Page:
You can click right here to watch the training video for Vincent’s week 5 bench press workout:

Week 7 (Doubles)

  • A1: Bench press (competition grip), 1 x 2**, 1/1/X/1, 4 minutes rest
  • B1: Speed bench press (competition grip), 4 x 3***, 1/0/X/0, 2 minutes rest\
  • C1: Bench press against chains (close grip), 1 x 4, 1/0/X/0, 2 minutes rest
  • E1: Dead bench (competition grip), 3 x 1*****, 1/0/X/0, 60 seconds rest
  • F1: Flat DB extension against bands, 4 x 10, 1/0/1/0, 60 seconds rest
  • G1: Kaz press, 3 x 8, 1/0/1/0, 60 seconds rest
  • H1: Standing band flyes, 3 x 15, 1/0/1/0, 60 seconds rest
  • I1: Band scap retractions, 3 x 12, 1/0/1/1, 60 seconds rest

**Performed at 83% of his projected 1-rep max

***Performed at 73% of his projected 1-rep max

****Performed at 70% of his projected 1-rep max

*****Performed at 83% of his projected 1-rep max

You can click right here to watch the training video for Vincent’s week 5 bench press workout:

Week 8 (Deload #2)

  • A1: Bench press (competition grip), 3 x 3**, 1/1/X/1, 4 minutes rest
  • B1: Bench press (close grip), 3 x 3***, 1/0/X/1, 2 minutes rest
  • C1: Kaz press, 3 x 12, 1/0/1/0, 60 seconds rest
  • D1: Band scap retractions, 3 x 12, 1/0/1/1, 60 seconds rest
  • E1: Standing band pull-aparts 4 x 12

**Performed at 62% of his projected 1-rep max

***Performed at 53% of his projected 1-rep max

You can click right here to watch the training video for Vincent’s week 5 bench press workout:

Week 9 (Singles)

  • A1: Bench press (competition grip), 1 x 1**, 1/1/X/1, 4 minutes rest
  • B1: Speed bench press (competition grip), 4 x 2***, 1/0/X/0, 2 minutes rest
  • C1: Sling shot bench press (medium grip), 1 x 5****, 1/0/X/0, 2 minutes rest
  • D1: Dead bench against bands (competition grip), 3 x 1*****, 1/0/X/0, 60 seconds rest
  • E1: Standing band flyes, 2 x 15, 1/0/1/0, 60 seconds rest
  • F1: Flat DB triceps extension against bands, 6 x 4, 1/0/X/0, 60 seconds rest
  • G1: Kaz press on smith machine, 3 x 8, 1/0/X/0, 60 seconds rest
  • H1: Standing band pull aparts, 4 x 12, 1/0/X/1, 60 seconds rest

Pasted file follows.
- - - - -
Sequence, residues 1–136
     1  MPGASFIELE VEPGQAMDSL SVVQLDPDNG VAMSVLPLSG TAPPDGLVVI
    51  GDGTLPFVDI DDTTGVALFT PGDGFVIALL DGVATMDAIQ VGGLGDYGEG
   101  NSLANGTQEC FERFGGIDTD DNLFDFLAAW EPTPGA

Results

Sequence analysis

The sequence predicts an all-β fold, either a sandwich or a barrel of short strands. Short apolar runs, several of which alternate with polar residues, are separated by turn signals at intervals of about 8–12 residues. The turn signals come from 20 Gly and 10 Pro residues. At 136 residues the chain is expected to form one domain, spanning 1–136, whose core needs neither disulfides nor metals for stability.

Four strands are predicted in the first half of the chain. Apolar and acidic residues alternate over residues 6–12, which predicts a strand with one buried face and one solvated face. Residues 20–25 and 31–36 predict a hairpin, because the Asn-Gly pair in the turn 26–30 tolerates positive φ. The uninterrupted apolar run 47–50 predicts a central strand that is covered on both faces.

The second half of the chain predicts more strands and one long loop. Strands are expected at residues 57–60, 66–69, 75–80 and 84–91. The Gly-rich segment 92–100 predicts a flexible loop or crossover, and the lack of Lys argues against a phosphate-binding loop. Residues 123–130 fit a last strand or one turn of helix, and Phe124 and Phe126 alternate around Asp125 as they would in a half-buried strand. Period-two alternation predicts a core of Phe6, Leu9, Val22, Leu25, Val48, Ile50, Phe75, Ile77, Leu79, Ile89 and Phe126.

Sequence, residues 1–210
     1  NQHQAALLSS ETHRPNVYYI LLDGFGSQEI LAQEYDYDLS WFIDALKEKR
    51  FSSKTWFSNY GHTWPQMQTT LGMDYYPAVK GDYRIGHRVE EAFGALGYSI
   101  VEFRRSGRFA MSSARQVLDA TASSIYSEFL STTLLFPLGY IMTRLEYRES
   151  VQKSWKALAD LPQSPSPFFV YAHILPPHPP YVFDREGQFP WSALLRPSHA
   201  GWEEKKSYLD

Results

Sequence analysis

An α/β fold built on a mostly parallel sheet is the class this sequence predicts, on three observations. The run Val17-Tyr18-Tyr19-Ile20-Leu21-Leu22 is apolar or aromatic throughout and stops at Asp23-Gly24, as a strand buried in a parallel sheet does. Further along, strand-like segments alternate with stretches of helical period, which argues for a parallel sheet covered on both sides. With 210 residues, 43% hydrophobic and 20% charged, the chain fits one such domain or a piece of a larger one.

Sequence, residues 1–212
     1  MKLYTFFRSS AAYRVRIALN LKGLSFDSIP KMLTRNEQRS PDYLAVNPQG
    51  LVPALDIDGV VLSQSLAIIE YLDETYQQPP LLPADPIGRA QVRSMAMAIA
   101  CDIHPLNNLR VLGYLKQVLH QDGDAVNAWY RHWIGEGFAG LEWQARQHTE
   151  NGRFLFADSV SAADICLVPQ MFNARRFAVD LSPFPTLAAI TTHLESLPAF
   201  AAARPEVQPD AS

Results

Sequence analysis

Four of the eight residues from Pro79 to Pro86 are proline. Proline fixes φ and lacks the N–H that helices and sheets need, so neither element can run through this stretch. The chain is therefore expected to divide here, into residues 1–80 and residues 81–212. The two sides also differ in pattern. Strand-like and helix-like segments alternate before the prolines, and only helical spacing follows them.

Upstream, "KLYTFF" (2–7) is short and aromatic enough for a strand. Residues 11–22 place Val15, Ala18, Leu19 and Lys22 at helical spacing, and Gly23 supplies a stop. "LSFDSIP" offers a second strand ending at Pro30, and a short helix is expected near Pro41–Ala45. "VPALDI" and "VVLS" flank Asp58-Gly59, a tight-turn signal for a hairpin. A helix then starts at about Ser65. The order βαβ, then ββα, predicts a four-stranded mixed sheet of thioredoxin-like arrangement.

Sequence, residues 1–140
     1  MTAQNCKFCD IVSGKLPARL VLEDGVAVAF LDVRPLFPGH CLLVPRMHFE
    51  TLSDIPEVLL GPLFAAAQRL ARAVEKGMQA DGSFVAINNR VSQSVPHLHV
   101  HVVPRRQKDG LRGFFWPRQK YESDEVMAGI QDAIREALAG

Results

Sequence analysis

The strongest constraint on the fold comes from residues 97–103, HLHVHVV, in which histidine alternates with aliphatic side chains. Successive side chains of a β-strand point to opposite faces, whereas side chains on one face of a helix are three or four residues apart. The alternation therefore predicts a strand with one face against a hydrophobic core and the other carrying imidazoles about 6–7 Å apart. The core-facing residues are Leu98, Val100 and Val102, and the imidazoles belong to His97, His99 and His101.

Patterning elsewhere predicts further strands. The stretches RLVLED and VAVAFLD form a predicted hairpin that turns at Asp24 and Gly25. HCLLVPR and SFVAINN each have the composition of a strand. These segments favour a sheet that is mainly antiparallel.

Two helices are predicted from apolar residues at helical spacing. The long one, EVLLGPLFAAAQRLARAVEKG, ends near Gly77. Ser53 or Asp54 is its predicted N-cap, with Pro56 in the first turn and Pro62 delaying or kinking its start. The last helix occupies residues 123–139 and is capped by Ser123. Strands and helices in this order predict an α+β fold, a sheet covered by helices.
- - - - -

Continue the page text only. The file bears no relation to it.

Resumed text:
• I1: Band scap retractions, 3 x 12, 1/0/1/1, 60 seconds rest

**Performed at 93% of his projected 1-rep max

***Performed at 81% of his projected 1-rep max

****Performed at 88% of his projected 1-rep max

*****Performed at 68% of his projected 1-rep max

You can click right here to watch the training video for Vincent’s week 5 bench press workout:

Week 10 (Singles)

  • A1: Bench press (competition grip), 1 x 1**, 1/1/X/1, 4 minutes rest
  • B1: Speed bench press (competition grip), 3 x 2***, 1/0/X/0, 2 minutes rest
  • C1: Sling shot bench press (medium grip), 1 x 3****, 1/0/X/0, 2 minutes rest
  • D1: Dead bench (competition grip), 3 x 1*****, 1/0/X/0, 60 seconds rest
  • E1: Standing band flyes, 3 x 15, 1/0/1/0, 60 seconds rest
  • F1: Flat DB triceps extension against bands, 6 x 4, 1/0/X/0, 60 seconds rest
  • G1: Kaz press, 3 x 8, 1/0/X/0, 60 seconds rest
  • H1: Standing band pull aparts, 4 x 12, 1/0/X/1, 60 seconds rest
  • I1: Band scap retractions, 3 x 12, 1/0/1/1, 60 seconds rest

**Performed at 95% of his projected 1-rep max

***Performed at 83% of his projected 1-rep max

****Performed at 93% of his projected 1-rep max

*****Performed at 70% of his projected 1-rep max

You can click right here to watch the training video for Vincent’s week 5 bench press workout:

Week 11 (Meet Week!)

Vincent missed his 600 pound bench press attempt in this training cycle. As mentioned previously Vincent later teamed up with Josh Bryant to finish what he started. Here was the result:

Well done Vincent Dizenzo! SMASH F$%@ING WEIGHT!

Conclusion

Josh Bryant Bench Press

Josh Bryant is truly one of the brightest minds in the fitness industry. In a world where it seems like a possible training style has already been mapped out Josh has invented a strategy for bench press program design that is as unique as it is effective.

There is a reason the strongest bench presser in the world Julius Maddox continues to place his faith in Josh. If you are looking for a bench press or powerlifting coach then I can think of no man better suited for the job than Josh Bryant.

Thank you Josh for sharing your gift with the world. May you lift long and prosper!

“Twenty years from now you will be more disappointed by the things that you didn’t do than by the ones you did do. So sail away from the safe harbour. Explore, Dream, Discover.”

Thank you for reading and I wish you the best of luck in your strength training journey!

Dr. Mike Jansen, PT, DPT

Thanks for checking out my site! My name is Dr. Mike Jansen and I'm the founder of Revolutionary Program Design. If you want to reach your size and strength goals faster then you've come to the right place. My goal is to make RPD the #1 strength training resource available anywhere in the world. So grab a seat, kick back and relax. There's never been a better time to lift weights or to learn the art and science of strength training program design.